U.S. GOV.: Children Don’t Need Healthcare

In a misguided attempt to reduce the deficit caused by the GOP tax bill, the president has asked Congress to cut the Children’s Health Insurance Program (CHIP) by $7 billion.

Due in large part to the tax-cut law, the federal deficit is expected to swell to $1 trillion by 2020.

The request is part of a scheme to cut a total of $15 billion from the U.S. budget by cancelling unspent funds from CHIP, the Affordable Care Act (ACA, more commonly known as Obamacare), a vehicle technology program, railroad benefits, and the response fund for the 2015 Ebola outbreak.

The White House reports that the cuts will not affect the two-year deal to fund CHIP that was agreed upon in February, claiming that the funds would have gone unspent.

If $15 billion in cancellations of unspent funds seems a bit excessive, it may come as a surprise that this is actually a scaled-back version of the original request.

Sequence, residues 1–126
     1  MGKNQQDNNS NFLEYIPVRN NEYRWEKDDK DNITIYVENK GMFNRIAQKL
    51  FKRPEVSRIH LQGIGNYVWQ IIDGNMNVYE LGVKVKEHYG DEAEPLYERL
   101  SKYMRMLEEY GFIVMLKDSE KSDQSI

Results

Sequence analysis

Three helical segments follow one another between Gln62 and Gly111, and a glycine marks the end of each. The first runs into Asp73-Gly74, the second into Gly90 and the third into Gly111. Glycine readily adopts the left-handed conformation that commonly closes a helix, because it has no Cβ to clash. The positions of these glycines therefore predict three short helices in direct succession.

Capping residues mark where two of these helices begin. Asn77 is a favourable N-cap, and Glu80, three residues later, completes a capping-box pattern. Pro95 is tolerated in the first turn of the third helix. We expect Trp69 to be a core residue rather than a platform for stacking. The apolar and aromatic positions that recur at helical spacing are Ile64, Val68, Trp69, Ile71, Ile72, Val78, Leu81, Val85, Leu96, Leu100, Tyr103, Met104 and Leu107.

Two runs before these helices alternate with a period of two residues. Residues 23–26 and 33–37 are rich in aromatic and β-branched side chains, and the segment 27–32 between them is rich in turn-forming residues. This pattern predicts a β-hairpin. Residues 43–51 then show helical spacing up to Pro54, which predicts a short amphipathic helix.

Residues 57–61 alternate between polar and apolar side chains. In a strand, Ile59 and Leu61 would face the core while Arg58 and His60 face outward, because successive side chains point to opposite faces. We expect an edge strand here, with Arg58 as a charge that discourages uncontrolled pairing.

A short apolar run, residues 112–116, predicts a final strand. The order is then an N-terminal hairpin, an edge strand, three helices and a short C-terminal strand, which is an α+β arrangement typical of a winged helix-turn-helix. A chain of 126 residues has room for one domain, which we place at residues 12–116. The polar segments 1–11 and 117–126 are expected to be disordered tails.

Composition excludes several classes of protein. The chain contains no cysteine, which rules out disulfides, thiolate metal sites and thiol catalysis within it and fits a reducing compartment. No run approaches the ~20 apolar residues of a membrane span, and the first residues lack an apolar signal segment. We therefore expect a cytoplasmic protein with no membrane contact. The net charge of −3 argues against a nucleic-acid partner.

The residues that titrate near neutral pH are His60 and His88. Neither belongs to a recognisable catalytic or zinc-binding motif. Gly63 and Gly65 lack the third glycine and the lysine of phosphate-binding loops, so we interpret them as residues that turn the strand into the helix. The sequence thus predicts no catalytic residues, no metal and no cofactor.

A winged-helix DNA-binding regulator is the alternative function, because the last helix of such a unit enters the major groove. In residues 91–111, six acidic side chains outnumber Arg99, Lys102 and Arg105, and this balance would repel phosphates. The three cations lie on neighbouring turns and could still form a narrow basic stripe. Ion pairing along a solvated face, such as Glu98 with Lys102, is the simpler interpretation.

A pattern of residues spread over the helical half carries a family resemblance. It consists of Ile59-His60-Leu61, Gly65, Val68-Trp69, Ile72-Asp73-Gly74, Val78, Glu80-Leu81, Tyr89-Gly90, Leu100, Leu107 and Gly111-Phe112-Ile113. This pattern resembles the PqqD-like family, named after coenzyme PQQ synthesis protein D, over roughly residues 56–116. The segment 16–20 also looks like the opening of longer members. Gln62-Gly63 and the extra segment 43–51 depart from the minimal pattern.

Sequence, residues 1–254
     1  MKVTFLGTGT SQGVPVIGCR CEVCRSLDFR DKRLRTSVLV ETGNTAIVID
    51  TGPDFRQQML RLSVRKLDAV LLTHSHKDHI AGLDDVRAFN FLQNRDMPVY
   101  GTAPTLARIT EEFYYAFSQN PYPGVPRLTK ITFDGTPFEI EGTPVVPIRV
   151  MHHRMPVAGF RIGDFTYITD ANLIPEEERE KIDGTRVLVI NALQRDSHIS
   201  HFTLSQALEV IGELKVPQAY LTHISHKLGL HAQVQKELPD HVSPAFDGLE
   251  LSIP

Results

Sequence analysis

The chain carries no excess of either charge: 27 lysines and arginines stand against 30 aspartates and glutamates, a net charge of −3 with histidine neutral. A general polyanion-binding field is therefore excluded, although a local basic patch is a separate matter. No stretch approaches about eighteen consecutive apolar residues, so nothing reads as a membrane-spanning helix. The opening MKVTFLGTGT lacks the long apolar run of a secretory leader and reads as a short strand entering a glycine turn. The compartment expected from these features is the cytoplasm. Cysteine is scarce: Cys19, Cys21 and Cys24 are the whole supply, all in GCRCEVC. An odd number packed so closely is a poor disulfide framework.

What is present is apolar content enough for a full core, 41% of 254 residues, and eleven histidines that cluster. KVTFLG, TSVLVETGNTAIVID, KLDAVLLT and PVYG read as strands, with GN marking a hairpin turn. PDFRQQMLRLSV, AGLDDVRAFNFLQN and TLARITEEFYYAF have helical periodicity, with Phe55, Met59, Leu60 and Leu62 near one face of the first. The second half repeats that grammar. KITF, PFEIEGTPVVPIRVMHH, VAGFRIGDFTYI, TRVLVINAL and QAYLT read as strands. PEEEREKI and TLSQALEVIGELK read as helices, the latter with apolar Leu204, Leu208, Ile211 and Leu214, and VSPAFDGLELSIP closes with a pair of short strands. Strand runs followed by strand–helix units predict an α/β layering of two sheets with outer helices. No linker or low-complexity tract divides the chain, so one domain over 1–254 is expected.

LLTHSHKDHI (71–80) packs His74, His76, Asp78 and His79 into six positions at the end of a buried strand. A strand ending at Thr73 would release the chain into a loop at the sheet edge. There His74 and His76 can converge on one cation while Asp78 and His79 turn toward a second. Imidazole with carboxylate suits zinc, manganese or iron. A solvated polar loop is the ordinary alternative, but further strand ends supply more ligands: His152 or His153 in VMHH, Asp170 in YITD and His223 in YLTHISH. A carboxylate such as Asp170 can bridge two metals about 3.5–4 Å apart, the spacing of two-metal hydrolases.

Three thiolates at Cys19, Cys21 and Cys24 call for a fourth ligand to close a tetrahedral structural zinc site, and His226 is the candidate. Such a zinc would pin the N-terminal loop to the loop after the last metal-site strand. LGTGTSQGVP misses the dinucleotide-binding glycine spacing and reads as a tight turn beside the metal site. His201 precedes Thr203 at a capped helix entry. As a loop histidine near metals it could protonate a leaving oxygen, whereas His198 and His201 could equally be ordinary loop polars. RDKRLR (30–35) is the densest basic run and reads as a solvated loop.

To make matters worst, this is reportedly only the first of two planned rescission packages — and this is the smaller one.

These rescission packages allow the president to strip pre-approved funding from the hard-fought March omnibus bill.

Here’s how some of the numbers break down:

  • $5.1 billion cancelled that would’ve gone towards reimbursements to states for children’s health care costs
  • $1.9 billion cancelled that was designated as a contingency fund to prevent states from running out of money
  • $800 million from the Center for Medicare and Medicaid Innovation, an offshoot program of the Affordable Care Act
  • $4.3 billion from the Department of Energy’s Advanced Technology Vehicles Manufacturing loan program, which is tasked with advancing technology for fuel efficient vehicles
  • $252 million in funds that were meant to address the 2015 Ebola outbreak but somehow get spent at all (by the way, there’s currently an Ebola outbreak in the Democratic Republic of Congo, so the money should really just be forwarded on to curbing that potential epidemic)
  • $123 million in unspent funds that were designated for a railroad workers’ benefits program
  • $148 million from an animal inspection fund

 

 

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